Cosmos, Humanity, God

“The entire Cosmos thus participates by representation in the preparation of the matter used by the Church sacramentally and in other ways. And it in this fashion that the entire cosmos offers its praise.

With specific reference to the Eucharist, the wheat and the grapes are the offering of the community that is the Cosmos, the offering of the dust clouds in space, the stars, the Earth and other planets, of bacteria and fungi, of plants and animals.

This offering is transformed into bread and wine by human labor and skill, and it receives the Word of God and becomes the Eucharist, an offering to God by man, the priest of the Cosmos.







Man depends on the Cosmos for the matter that makes up his and her body and for the matter that is used sacramentally; reciprocally, the Cosmos depends on Man to complete its own offering.

Creation of Adam and Eve
Creation of Adam and Eve

Thus the seventh-century saint Leontius of Cyprus wrote:

Through heaven and earth and sea, through wood and stone, through relics and church buildings, and the Cross, and angels and men—

through all creation, visible and invisible, I offer veneration to the Creator and master and Maker of all things.

For creation does not venerate the Maker directly and by itself, but it is through me that the heavens declare the glory of God; through me the moon worships God, through me the stars glorify him,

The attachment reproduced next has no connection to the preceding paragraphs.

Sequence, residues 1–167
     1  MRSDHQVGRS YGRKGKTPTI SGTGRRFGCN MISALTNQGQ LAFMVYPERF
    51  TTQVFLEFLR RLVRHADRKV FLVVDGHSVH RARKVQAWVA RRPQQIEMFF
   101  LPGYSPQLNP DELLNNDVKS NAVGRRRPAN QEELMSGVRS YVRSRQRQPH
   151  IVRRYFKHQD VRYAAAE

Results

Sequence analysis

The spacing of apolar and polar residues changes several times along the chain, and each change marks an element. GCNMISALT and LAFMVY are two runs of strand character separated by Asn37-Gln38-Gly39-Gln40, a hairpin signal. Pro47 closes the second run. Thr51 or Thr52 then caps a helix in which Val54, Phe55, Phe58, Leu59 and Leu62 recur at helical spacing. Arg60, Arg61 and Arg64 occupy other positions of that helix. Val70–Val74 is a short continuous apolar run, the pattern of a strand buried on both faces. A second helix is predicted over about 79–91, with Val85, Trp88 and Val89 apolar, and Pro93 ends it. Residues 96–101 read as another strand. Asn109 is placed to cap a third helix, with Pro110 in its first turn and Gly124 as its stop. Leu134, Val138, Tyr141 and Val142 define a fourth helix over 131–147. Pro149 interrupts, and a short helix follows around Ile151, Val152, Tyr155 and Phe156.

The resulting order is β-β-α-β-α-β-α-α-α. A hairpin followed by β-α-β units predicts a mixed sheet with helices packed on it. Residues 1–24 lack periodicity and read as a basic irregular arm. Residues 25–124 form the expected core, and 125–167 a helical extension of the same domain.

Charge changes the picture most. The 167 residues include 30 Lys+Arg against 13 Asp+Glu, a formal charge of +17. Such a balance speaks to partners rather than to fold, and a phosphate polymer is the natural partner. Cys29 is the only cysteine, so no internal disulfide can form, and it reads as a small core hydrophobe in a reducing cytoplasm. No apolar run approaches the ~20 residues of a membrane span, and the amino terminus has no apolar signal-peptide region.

through me the waters and showers of rain, the dew and all creation, venerate God and give him glory.

In the Eucharist we offer, in this piece of bread and in this cup of wine, the entire Cosmos and every living creature including ourselves—everything from the tiniest particles of matter to the farthest reaches of space, as well as the fruits of human labor in all places and all times.

We thus come to see that the Eucharist is central to the Cosmos. And it is the Eucharist that enables us to recognize more clearly that the Cosmos is transparent to Christ, who shines through all matter.”

(George Theokritoff, Toward an Ecology of Transfiguration: Orthodox Christian Perspectives on Environment, Nature, and Creation, Kindle  Loc. 2934-49)